Accused of Causing Maritime Accident, But Not Rich? 22 Months in Prison

Total Croatia News

The recent verdict of the Municipal Court in Šibenik in favour of Tomislav Horvatinčić, who stood accused of causing a maritime accident in 2011 that killed two people, led to a furious backlash in the Croatian public. Apart from setting a dangerous precedent to all future cases of similar nature where the defendants might now resort to a ‘syncope’ defence, the verdict caused a stir in relation to previous cases of such accidents. brings a story of Ante Jureško, a 72 year-old resident of Mrljan on Pašman island who was accused of causing a maritime accident back in 1999. Unlike Horvatinčić, Jureško isn’t rich nor influential; he was pronounced guilty in 2011 and sentenced to 22 months in prison – by the same court that set Horvatinčić free.

“I’m angry, bitter. How is it possible for Horvatinčić to get such a verdict after everything that’s happened?! If only he got off on parole, but not like this, nothing. Even a dumb man could see what this trial was about, and we all wonder why no one believes in the Croatian justice system anymore. I haven’t believed in it for a long time”, Jureško said.

In 2011, Jureško was sentenced to 22 months in prison after he was pronounced guilty of an accident that led to the death of two crew members. Jureško was the owner and captain of ‘Borak’ ship; on the unfortunate occasion, the ship was transporting cement from Koromačno to Split and suffered a tragic outcome in a storm in the Šibenik archipelago. The court employed three expert witnesses, taking into consideration their opinion about the causes of the accident.

The verdict stated that Jureško, “as the person responsible, did not act according to technical regulations on safety measures and thus negligently caused danger to life and property, leading to the death of two individuals”. He was charged for committing a crime against general safety of people and property, as well as against traffic safety. It was concluded that the cargo in hold of the ship was improperly stored, so when it moved during the trip, it led to instability and sinking of the ship.

“Yes, I was on trial at the Municipal Court in Šibenik, just like Horvatinčić. My case was also about a maritime accident in which two men, my two seafarers, died. But unlike Horvatinčić, I was pronounced responsible, I was convicted and spent a year and ten months in Valtura prison in Pula. What he was able to get away with, I wasn’t”, said Jureško, explaining that he asked the court to allow another expert witness for maritime affairs to testify – the same one Horvatinčić asked for at his trial. “I wasn’t allowed [to do that], but Horvatinčić was. In my case, it still hasn’t been precisely and undoubtedly established what exactly happened with my ship. Even today, after I’ve already served my sentence, I claim that the ship simply cracked, that I wasn’t responsible for improperly stored cargo. Expert witnesses were saying ‘there was a possibility’, that ‘it could have happened’, but they were unable to prove it, and the ship remains sunk to this day. My demand to raise the ship from the sea in order to ascertain what exactly happened and in what way wasn’t approved, my proposal was rejected. A computer simulation that would prove how Borak sank wasn’t accepted either. I was practically convicted the moment I stepped into the courtroom, it was all opposite from the Horvatinčić case. Certain members of the court told me in private conversations that I shouldn’t have been convicted and that a claim of something ‘being possible’ cannot stand as evidence, but all in vain. I spent 22 months in prison because the court turned presumptions into facts”, said Jureško.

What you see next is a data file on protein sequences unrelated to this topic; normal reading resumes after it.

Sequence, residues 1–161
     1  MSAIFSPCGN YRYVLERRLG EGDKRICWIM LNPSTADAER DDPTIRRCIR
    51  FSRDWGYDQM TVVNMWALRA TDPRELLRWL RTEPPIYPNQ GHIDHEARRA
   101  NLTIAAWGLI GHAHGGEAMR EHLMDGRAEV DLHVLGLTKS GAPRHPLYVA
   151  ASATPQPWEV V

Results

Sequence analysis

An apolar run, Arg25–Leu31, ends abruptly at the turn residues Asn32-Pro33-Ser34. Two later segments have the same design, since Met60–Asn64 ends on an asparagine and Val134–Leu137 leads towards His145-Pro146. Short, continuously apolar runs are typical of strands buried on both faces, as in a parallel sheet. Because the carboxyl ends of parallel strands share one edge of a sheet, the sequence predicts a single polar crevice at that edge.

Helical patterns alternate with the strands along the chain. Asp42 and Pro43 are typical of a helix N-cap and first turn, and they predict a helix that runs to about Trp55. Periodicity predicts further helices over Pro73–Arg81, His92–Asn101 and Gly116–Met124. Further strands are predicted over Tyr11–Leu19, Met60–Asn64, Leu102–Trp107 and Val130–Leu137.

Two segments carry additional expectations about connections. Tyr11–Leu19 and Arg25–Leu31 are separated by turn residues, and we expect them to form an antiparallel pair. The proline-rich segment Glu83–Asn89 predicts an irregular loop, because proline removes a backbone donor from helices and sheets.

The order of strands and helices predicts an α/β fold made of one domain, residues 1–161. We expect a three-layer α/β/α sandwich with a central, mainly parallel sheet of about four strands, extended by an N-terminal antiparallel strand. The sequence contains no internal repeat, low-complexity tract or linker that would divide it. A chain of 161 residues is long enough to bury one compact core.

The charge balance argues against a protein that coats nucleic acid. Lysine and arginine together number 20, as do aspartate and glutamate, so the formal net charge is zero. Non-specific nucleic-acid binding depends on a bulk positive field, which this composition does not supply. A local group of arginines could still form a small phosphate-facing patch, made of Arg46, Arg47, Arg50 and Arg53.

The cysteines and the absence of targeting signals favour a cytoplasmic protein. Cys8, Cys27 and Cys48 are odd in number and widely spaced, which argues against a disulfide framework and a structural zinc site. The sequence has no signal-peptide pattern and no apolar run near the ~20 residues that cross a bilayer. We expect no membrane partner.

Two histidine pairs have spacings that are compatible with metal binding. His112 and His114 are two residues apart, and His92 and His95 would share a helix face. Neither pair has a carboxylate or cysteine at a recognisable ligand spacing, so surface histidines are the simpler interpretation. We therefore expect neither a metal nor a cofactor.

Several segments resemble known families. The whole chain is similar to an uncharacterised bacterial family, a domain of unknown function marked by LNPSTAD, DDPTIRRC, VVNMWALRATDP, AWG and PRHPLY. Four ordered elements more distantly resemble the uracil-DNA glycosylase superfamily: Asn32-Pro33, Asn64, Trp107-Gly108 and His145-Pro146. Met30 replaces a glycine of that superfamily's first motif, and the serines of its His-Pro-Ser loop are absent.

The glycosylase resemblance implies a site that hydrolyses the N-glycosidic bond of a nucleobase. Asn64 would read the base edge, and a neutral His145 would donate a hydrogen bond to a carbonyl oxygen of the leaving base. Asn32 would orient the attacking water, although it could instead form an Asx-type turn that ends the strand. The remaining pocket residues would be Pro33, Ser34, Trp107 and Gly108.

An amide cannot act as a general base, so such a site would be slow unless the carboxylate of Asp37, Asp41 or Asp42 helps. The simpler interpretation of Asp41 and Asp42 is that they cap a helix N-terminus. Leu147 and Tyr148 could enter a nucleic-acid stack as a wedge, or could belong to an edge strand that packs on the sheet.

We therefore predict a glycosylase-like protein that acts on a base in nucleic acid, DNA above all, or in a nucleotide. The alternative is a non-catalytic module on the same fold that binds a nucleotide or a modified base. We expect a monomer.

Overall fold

He also stated one of the judge’s colleagues asked for 20.000 euro in return for an absolving verdict, but Jureško turned down the proposal. “I used to transport building materials for that man, he has a summer estate on Capri. During the reading of the verdict, the judge said that I would have been granted a large insurance sum if I were released, which hints to a certain connection between the insurance company and someone from the court”, Jureško stated.

It’s hard to imagine the emotional and psychological impact that Horvatinčić’s verdict must have had on Jureško. He claims he still dreams about that night; after the ship had sunk, it took him two hours to swim to Obonjan island near Šibenik. “My son and one other sailor survived, as they held on to a wooden pallet that floated away. I can still see those images, I’m still haunted by them. I’m not guilty, which is why I filed a complaint at the Court of Human Rights in Strasbourg, but that has been pending for a year now as well”, Jureško concluded.


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